Volume XVII, Issue 37 # September 10 - September 16, 2009

Correspondence

We welcome your opinions and letters – with name and address. We will edit when necessary. Include your name, address and phone number for verification. Mail them to Bay Weekly, 1629 Forest Drive, Annapolis, MD 21403 •E-mail them to editor@bayweekly.com. or submit your letters on-line by clicking here.

Bill Burton as Futurist

Dear Bay Weekly:

I would like to point out one of Bill Burton’s beliefs that has not been mentioned in the many eulogies about him. From 1991, the time of the Rio Earth Summit, Bill has been concerned about global warming. The last time I met with Bill at the annual Burton Picnic on the 2008 Fourth of July, and the last time I talked with him on the phone a few days before his death, he lamented that we were not doing enough to avert this future catastrophe. So I want to credit Bill with concern for the future as well as his active role in present-day affairs.

–John ‘Uncle Jack’ Burton, New Jersey

Tools in Animation

Dear Bay Weekly:

Thank you for such a clever write-up in Bay Weekly (Sept. 3) on the Tools in Motion: Works from the Hechinger Collection now on view at The Mitchell Gallery at St. John’s College.

Ms. Martin cleverly conveyed John Hechinger’s spirit in putting together the collection, and it reminds me how much I love tinkering around in hardware stores myself. The article was fun to read, and we appreciate the inclusion of our exhibition in this past week’s issue of Bay Weekly!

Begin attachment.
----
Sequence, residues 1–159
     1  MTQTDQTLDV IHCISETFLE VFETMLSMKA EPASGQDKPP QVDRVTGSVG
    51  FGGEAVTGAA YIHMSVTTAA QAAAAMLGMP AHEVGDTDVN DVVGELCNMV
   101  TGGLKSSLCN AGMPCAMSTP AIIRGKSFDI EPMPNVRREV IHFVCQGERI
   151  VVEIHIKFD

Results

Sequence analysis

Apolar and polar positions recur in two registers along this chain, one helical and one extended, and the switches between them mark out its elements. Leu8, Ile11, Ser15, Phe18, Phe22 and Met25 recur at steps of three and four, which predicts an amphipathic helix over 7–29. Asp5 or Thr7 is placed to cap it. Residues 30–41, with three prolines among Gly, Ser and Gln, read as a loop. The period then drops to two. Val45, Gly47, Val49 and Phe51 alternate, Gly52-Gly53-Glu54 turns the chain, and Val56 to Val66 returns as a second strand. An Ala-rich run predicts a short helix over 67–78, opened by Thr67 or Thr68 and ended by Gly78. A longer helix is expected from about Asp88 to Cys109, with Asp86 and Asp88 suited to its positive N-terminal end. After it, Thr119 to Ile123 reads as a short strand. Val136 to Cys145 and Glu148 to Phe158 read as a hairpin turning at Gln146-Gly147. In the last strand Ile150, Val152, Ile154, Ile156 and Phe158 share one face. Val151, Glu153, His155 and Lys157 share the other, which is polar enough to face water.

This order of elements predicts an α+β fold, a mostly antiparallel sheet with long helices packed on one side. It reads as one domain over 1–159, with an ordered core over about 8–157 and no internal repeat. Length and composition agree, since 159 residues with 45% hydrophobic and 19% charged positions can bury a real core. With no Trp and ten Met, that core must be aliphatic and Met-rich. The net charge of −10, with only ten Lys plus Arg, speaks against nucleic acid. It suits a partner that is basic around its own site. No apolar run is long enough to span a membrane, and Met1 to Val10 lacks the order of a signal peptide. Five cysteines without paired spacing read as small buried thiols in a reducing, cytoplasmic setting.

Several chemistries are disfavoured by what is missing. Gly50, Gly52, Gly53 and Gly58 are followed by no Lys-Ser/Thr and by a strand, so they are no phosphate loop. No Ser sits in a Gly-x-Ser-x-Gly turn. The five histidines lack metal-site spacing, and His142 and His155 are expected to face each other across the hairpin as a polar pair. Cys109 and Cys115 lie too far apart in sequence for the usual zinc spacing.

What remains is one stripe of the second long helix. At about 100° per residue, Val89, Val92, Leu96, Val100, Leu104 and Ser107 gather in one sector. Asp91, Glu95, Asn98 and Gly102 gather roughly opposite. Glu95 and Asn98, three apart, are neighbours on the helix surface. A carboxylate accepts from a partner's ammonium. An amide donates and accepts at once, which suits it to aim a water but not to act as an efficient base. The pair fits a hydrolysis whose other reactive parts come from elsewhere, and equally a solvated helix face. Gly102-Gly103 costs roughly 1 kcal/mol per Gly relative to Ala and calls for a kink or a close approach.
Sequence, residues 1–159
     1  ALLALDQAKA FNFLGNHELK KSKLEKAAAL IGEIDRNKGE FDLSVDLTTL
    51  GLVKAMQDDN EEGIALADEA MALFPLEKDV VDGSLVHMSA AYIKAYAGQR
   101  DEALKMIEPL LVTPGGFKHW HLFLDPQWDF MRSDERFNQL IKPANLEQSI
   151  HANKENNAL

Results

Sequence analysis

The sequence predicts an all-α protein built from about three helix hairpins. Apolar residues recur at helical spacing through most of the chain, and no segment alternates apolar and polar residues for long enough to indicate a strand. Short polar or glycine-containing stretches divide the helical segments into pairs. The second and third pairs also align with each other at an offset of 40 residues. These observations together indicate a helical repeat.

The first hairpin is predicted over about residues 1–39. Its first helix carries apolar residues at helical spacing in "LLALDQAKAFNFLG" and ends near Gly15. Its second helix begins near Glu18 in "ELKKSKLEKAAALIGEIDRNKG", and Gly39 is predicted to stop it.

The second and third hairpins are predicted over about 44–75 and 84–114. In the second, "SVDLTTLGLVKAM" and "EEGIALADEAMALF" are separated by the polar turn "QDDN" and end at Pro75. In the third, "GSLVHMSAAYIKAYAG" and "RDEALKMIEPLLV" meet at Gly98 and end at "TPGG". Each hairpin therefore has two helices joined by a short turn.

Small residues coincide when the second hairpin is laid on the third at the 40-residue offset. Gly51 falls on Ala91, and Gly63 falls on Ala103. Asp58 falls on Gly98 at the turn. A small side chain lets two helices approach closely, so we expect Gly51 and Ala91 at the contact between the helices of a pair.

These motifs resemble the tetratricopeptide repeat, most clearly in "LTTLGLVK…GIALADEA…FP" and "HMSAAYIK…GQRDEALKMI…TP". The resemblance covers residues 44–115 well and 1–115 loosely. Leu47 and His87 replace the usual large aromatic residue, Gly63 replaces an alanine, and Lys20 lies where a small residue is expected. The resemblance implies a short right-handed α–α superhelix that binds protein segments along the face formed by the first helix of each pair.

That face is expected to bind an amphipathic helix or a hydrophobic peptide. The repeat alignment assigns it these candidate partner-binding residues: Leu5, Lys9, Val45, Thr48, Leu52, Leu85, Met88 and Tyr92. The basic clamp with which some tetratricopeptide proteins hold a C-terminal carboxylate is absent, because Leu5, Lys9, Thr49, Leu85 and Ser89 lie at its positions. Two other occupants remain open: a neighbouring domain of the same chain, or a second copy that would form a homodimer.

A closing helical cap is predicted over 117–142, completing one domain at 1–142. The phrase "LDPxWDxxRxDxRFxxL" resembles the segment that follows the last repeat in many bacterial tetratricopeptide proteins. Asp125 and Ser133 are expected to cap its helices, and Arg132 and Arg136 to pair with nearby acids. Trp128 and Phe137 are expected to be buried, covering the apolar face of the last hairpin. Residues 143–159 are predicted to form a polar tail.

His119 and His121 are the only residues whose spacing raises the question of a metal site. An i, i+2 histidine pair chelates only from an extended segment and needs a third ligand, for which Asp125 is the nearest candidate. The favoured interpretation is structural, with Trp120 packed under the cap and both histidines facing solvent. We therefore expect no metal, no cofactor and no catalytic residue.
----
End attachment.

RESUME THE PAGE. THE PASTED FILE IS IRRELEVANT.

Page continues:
–Lucinda Dukes Edinberg, Art Educator: The Mitchell Gallery

Steps to a Healthy Bay

Dear Bay Weekly:

I attended the August 11 Town Hall Meeting in Annapolis. I was impressed with the number of people who came out to support cleanup of the Chesapeake Bay. I feel privileged to have spent my entire life in Anne Arundel County and having the Bay as my source of constant enjoyment: truly the Land of Pleasant Living.

It is absolutely unforgivable how we have neglected the Bay so that my sons have never enjoyed swimming in its waters as I did. By the time they were born in 1980 and 1987, I would not risk letting them swim in the Bay or its rivers.

A common theme at the Town Hall Meeting was that the laws we have in place are not enforced. How sad that the very developers that profit from our waterfront are willing to ignore any and all attempts to keep our water a valuable asset.

This is our moment. We have an unprecedented opportunity for bold action by the federal government. We have a president who believes in the need to improve our environment for the coming generations. 

The Environmental Protection Agency’s plan, called for by President Obama’s executive order, must move beyond the easily agreed upon voluntary measures that have failed to deliver in the past. The EPA must make increased accountability and enforceable limits on pollution the centerpiece of the plan.

States should match federal action with enforceable plans covering non-point source pollution that ensures water quality goals are met. Our state must find the political will to enforce the environmental laws we have.

Let’s work together to clean up our Bay and our local environment.  To paraphrase Peter Heller [author of Who Will Pay? Coping with Aging Societies, Climate Change and Other Long-Term Fiscal Challenges]: If the Chesapeake Bay dies in our time, we shall have committed a crime so heinous that we shall never be redeemed.

–Sandi Dudley, Annapolis